a deep and deadly revenge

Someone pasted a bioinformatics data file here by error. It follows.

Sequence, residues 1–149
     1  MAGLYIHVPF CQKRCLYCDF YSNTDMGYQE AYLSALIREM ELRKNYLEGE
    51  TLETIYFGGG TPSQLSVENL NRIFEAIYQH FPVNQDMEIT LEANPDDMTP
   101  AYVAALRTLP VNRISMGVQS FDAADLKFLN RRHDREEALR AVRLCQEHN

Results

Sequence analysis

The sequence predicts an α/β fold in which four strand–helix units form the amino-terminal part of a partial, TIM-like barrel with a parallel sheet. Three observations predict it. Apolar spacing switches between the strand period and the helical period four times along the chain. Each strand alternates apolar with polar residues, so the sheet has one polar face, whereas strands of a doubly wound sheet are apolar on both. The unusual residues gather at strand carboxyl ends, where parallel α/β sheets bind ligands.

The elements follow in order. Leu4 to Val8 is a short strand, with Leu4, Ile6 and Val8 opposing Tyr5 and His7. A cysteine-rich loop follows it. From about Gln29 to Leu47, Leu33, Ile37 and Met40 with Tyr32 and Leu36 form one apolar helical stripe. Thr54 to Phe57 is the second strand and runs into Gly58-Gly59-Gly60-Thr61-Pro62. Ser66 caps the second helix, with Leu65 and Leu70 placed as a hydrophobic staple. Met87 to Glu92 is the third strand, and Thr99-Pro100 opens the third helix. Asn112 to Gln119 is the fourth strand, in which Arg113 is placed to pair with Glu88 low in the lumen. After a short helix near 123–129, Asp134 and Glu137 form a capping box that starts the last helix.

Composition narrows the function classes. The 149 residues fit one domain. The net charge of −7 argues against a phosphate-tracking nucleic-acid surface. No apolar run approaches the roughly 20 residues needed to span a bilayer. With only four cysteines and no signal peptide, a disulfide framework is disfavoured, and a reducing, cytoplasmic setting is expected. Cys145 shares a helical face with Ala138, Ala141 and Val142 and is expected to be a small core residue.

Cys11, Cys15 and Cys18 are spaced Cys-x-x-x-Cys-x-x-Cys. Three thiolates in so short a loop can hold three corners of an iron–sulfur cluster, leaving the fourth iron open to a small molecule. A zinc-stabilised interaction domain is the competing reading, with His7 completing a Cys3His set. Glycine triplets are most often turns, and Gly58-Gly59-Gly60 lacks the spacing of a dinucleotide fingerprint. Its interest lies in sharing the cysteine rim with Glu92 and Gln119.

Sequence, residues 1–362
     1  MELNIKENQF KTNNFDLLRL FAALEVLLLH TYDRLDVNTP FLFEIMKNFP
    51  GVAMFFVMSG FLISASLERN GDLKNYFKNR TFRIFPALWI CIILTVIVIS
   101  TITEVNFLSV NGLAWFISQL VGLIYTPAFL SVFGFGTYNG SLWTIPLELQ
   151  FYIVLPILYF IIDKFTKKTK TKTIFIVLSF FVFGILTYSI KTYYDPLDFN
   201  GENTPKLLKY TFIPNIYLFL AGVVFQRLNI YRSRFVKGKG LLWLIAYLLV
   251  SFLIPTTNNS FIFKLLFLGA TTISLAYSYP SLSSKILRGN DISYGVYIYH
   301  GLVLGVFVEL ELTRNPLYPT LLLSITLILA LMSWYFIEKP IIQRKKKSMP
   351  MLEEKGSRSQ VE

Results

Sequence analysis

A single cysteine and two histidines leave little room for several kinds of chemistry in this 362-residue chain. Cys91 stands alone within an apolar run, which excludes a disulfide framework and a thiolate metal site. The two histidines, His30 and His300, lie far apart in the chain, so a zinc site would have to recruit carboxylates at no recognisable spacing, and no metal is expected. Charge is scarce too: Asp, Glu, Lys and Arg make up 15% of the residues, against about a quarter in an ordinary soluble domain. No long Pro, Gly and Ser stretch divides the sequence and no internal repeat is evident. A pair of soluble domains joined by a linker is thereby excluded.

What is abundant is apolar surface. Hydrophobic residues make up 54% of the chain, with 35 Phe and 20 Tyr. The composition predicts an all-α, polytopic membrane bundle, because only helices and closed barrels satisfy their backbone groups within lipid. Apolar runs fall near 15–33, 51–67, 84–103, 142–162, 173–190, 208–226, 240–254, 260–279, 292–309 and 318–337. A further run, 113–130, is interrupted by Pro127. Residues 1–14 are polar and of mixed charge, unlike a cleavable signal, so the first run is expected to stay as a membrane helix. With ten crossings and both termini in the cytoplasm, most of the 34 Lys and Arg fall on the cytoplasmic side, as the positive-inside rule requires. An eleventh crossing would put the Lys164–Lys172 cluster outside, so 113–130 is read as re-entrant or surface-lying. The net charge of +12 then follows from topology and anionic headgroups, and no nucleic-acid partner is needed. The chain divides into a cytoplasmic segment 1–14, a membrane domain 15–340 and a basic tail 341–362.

On an uncomplicated psychological plane Mary Shelley is representing the simple dynamics of the Creature's alienation. With no other presence to balance or feel for this injustice, in his solitude he works himself into a confirmed opposition to the world that has rejected and threatened him. The Enlightenment virtues of benevolence and sympathy, were they ever to be encountered by the Creature, would by their very nature undercut his introverted and exclusionary mental state and enforce a social communion. Once again, as in Percy Bysshe Shelley's "Alastor; or, the Spirit of Solitude," published in March 1816, we recognize that solitude constitutes an evil spirit leading one to ill. The opening paragraph of Volume 2, in which Victor Frankenstein reveals himself similarly introverted and plotting revenge as a means of assuaging his self-hatred is, indeed, an appropriate introduction to this dynamic that arches across the volume (see II:1:1 and note).